Experts Say Electricity Rates
by John Stucke
Panel says more plants needed to lower costs
SPOKANE - Soaring electricity prices that have crippled many industries in the Northwest aren't going away - unless more generating plants are built.
That's the opinion a panel of energy experts gave during a Northwest Power Planning Council meeting Tuesday. Prices may fall a bit later this year, but the market forces that drove power costs are in place and aren't likely to retreat until the supply of power can meet the growing demand, said Murray Margolis, head trader for B.C. Hydro's Powerex.
"Although prices were high ... the market didn't fail," he said. "Power was available to anyone who wanted it at the going price."
But the price is too high for many of the region's industrial customers.
Russ Ritter, a spokesman for the shuttered Montana Resources Inc. copper mine in Butte, traveled to the meeting to better understand the power price spikes. After the meeting, he said the conclusions of the panel may mean the mine will have to stay closed for about three months.
Beginning in May, the price of wholesale electricity began climbing. Then it took off. In April, for example, a megawatt-hour sold for about $25. The average price in June was $120.
An early heat wave, low water levels in dam reservoirs and several major plants taken offline fueled the skyrocketing prices. Since, industry officials have enlisted the help of politicians and the likes of the planning council to investigate what they believe might be unfair market gamesmanship.
Untrue, said Seattle City Light spokesman Jim Harding.
"I don't think anyone is going to find a smoking gun," he told the committee.
The circumstances blamed for the market volatility were, perhaps, intensified by the deregulation of the electricity market. In Montana, deregulation began in July 1998, allowing industries such as Montana Resources and the Smurfit-Stone Container Corp. paper mill in Frenchtown to shop the open market for the best deal.
For the first 20 months, the law seemed to work as the plants brokered better prices. Things have since changed.
Harding said deregulating an industry is the easy part. The difficult part, he said, is creating a competitive market.
Tim Belden, a vice president of Enron Corp., told the panel that higher prices will remain for at least two to four years.
That's how long it takes to build new generation plants. The permitting process, he said, takes two years, followed by two years of construction.
Companies in the Northwest haven't built new generation plants in a decade. And to do so now, under the umbrella of deregulation, is a risk for industry since recovering the investment isn't guaranteed as it was when utilities were state-regulated monopolies.
"If you want (the recent price spikes) to be a speed bump and not the future, we'll have to have more facilities," Belden said. "The problem will get worse in terms of scarcity before it gets better."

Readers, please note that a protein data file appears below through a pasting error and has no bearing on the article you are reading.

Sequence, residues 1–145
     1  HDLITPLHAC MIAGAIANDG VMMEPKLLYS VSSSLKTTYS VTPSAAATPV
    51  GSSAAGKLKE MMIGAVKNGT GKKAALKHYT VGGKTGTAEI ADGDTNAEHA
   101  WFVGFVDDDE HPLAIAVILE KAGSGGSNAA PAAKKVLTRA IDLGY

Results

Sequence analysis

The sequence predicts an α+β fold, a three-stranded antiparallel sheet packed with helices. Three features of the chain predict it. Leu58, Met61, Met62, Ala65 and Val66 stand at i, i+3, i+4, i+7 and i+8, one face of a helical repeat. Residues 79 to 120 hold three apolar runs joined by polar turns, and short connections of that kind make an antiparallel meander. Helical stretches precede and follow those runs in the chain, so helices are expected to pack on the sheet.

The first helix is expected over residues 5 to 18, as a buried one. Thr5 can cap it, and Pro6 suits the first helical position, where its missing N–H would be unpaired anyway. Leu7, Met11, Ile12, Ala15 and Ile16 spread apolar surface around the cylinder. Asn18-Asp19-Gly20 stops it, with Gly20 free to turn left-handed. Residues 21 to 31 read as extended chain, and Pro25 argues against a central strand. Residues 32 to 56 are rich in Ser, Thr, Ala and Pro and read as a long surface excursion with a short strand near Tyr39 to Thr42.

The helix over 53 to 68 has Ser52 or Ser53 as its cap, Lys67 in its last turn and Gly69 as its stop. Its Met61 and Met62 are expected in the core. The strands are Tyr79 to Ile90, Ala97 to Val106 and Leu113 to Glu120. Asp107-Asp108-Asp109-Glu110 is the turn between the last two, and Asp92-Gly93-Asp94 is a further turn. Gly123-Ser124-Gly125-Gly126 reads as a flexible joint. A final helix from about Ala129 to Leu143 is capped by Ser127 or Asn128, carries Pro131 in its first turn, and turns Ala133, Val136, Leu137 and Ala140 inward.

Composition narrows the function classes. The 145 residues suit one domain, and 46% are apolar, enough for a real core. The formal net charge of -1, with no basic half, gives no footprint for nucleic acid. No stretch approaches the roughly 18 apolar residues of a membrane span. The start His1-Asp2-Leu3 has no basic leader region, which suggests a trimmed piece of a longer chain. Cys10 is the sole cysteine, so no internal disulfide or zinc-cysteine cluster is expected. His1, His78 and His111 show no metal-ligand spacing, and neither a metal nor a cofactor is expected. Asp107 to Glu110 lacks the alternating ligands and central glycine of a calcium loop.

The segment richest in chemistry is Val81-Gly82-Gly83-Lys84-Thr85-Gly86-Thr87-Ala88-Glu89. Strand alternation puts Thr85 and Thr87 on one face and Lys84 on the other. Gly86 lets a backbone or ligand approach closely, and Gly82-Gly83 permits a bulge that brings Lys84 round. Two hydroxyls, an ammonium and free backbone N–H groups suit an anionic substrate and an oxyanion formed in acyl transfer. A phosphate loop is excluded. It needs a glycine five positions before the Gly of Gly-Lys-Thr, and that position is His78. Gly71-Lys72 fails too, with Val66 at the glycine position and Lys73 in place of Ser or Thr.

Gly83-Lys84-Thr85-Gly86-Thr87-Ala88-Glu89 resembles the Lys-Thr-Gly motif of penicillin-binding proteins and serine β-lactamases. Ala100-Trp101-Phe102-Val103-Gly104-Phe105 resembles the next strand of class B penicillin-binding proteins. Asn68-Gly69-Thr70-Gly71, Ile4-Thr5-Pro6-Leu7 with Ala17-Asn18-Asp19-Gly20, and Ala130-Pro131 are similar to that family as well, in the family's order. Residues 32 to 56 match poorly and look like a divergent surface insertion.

To reinforce his statements, he said runoff this year in the Columbia River Basin and in California hasn't been too bad. He offered information showing that the runoff during the previous four years has been far above average.
What does this mean?
"I'd say we've been fooled by great hydro years," Belden said, adding that may have offset consistently rising consumer demand.
None of this was good news for Bob Boschee, Missoula plant manager for Smurfit-Stone.
His plant, with more than 600 workers, buys power at spot market prices. So far, the plant has been able to stay open, partly because of a belief that the price spikes are an anomaly.
Don Quander, a Billings lawyer representing 12 of Montana's largest industrial plants, said each company still supports deregulation of the electricity market. Even though the prices are forcing curtailments and shutdowns, he urged the planning council to continue its investigation of the price spikes.
His clients joined the Montana Power Co. in 1997 to push deregulation through a Republican-dominated state government.
"We now find ourselves in a bit of a crisis," he told the panel. "It is not an anomaly." The Dow Jones mid-Columbia Index had the price of electricity at $90 per megawatt-hour Monday.
While power prices in the Northwest soared during June 27-28, Margolis said, more than 10 companies in the region flowed 4,500 megawatts to California.
He said companies may have been exercising good business judgment by selling power to the highest bidder.
In Montana, the problems are compounded by the state's deregulation law that will force individual households to shop the open market for power in two years. Unless the state Public Service Commission or the Legislature delays residential participation by two years, the people of Montana may be trying to secure a competitive rate much as industry is today.
If this was happening to residential customers, added Boschee, "The outcry would be deafening."
Govs. Marc Racicot, R-Mont., and Gary Locke, D-Wash., have asked the planning council to make its price spike study a top priority.
And both Montana senators, Democrat Max Baucus and Republican Conrad Burns, are calling for investigations to ease industry's financial pain.
In Washington, Sen. Slade Gorton, a Republican, has asked the Federal Energy Regulatory Commission to investigate the sudden spike in power prices.
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